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southeastern turkey to the u.s. led coalition that's launching strikes against isil. turkey itself launched some attacks against isil targeted, but the turkish government has also launched attacks against p.k.k. targets in southeastern turkey, and in iraq. in fact, most of the airstrikes in recent times have been against p.k.k. targets, and at the same time, there's been a wave of arrests around the country by that the people suspected of being in the p.k.k., of people also suspected of belonging to this extreme group, as well as people suspected of being involved with isil. turkey said it faces a security threat on many front. while as i said, no one's claimed responsibility for these attacks, you could draw a connection perhaps to what's been happening in the last 24 hours, the last week or so, and the crackdown on the security threats that turkey faces in the country. >> it's been a while since those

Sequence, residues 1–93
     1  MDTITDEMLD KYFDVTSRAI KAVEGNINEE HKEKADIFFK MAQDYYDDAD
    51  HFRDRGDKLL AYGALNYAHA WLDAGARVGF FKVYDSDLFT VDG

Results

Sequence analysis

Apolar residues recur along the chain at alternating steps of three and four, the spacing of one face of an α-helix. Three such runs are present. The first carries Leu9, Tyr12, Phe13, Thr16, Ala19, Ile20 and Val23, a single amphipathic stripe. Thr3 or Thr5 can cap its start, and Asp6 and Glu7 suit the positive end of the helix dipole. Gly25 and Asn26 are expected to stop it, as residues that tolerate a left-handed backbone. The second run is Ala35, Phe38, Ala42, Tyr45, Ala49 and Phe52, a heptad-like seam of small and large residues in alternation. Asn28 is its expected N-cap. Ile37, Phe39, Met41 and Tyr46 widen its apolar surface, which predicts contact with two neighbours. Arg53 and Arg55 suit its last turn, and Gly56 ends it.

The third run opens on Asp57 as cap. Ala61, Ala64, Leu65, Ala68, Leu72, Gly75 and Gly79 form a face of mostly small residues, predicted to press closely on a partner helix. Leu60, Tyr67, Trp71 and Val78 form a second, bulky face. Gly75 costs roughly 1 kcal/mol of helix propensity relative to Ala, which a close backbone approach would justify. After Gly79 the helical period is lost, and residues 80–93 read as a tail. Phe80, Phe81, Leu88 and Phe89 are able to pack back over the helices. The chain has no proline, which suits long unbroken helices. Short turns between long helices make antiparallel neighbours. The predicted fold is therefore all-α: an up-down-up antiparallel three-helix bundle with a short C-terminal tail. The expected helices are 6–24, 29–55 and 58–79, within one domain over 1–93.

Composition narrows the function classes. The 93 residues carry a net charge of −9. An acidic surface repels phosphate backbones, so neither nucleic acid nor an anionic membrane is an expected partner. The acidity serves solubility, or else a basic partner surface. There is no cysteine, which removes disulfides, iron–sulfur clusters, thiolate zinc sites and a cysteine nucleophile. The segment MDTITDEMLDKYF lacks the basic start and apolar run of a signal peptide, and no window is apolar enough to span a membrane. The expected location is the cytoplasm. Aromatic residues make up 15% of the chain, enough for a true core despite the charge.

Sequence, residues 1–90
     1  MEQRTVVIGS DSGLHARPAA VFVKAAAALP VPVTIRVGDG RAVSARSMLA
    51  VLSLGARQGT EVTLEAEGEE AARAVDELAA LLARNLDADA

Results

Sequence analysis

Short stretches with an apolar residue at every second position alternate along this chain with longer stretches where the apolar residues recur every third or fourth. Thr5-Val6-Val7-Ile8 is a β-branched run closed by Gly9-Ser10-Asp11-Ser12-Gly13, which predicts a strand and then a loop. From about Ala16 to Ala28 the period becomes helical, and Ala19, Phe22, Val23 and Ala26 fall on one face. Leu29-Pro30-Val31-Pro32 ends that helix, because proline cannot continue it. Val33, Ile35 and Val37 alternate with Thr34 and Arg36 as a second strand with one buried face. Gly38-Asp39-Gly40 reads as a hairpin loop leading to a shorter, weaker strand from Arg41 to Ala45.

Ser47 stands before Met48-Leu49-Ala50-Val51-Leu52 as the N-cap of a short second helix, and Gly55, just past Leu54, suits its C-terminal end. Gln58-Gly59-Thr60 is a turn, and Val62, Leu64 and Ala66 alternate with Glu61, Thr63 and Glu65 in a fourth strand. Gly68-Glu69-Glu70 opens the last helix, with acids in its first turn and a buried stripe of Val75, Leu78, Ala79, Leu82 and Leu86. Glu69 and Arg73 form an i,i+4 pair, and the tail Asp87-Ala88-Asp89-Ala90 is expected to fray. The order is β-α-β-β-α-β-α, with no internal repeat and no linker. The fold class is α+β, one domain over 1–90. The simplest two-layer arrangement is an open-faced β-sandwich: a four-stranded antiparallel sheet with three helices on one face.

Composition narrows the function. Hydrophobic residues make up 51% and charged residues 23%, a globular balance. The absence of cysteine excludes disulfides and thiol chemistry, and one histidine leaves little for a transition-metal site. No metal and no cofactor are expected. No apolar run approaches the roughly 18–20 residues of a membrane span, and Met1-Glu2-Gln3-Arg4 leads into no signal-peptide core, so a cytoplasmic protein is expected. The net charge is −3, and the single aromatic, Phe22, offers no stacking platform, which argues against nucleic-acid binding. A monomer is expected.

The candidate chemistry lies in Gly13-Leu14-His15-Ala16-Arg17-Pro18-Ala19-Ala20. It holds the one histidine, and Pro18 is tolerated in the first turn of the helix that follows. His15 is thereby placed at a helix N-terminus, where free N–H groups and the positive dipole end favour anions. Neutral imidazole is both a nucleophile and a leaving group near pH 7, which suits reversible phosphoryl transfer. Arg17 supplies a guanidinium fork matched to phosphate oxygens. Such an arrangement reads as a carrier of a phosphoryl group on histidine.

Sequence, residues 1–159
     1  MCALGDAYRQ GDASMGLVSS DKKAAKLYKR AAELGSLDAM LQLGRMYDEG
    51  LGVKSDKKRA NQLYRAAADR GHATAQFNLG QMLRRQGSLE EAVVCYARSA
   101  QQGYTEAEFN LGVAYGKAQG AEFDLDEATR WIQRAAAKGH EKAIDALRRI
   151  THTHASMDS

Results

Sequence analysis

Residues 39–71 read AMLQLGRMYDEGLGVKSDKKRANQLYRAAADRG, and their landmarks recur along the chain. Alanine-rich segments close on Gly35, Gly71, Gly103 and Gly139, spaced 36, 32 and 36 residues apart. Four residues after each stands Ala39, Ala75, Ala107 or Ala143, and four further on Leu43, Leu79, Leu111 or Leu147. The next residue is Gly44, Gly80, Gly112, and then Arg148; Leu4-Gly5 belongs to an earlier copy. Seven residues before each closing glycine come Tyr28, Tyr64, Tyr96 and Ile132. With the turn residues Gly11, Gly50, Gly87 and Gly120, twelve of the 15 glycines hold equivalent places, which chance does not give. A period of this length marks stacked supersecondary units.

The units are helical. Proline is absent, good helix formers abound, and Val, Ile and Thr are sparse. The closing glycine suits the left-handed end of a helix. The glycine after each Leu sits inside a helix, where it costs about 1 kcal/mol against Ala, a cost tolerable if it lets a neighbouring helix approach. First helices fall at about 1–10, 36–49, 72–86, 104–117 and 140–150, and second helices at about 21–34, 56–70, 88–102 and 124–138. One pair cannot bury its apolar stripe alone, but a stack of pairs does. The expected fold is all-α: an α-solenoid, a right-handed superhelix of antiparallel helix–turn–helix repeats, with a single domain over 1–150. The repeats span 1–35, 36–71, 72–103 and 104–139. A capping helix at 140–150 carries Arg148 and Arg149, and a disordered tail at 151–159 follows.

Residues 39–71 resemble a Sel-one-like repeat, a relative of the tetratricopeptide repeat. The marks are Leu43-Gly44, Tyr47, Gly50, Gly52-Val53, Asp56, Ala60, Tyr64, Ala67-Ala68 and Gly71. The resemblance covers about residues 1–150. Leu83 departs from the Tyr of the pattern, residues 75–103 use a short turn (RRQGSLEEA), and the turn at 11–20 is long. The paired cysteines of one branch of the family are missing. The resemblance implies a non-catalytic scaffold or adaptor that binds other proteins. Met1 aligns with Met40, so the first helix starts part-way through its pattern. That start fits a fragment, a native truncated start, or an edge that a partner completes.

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attacks happened. any word yet from the authorities? >> i'm sorry, can you say that again? >> any word yet from the authorities? >> no. we think there's a meeting later on today. there's been no comment yet from the government about the attacks and no finger of blame has been pointed, but we're hoping that perhaps later in the day, the government will say something. >> thanks very much for the update there from istanbul. >> police in eastern pakistan arrested seven men accused of sexually abusing hundreds of children and selling videos of the alleged crimes. the case is centered on a small village in punjab. michael johnson has more. >> there's about 10,000 people living here in the village. it's quiet, it's a poor
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agricultural area, and speaking to -- peaking to --
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>> was attacked by a mob in her car. police intervened before she was injured. there were 56 voting centers, that's about 5% of all the balloting places around the